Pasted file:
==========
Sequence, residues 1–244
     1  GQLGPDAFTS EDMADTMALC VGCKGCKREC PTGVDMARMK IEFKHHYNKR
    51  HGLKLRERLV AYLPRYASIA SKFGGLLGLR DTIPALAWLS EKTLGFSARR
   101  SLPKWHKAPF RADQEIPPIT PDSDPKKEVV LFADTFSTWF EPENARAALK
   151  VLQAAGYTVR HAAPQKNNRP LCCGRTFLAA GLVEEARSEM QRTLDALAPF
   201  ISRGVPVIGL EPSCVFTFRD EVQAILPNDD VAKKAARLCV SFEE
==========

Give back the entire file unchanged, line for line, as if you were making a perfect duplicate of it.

Sequence, residues 1–244
     1  GQLGPDAFTS EDMADTMALC VGCKGCKREC PTGVDMARMK IEFKHHYNKR
    51  HGLKLRERLV AYLPRYASIA SKFGGLLGLR DTIPALAWLS EKTLGFSARR
   101  SLPKWHKAPF RADQEIPPIT PDSDPKKEVV LFADTFSTWF EPENARAALK
   151  VLQAAGYTVR HAAPQKNNRP LCCGRTFLAA GLVEEARSEM QRTLDALAPF
   201  ISRGVPVIGL EPSCVFTFRD EVQAILPNDD VAKKAARLCV SFEE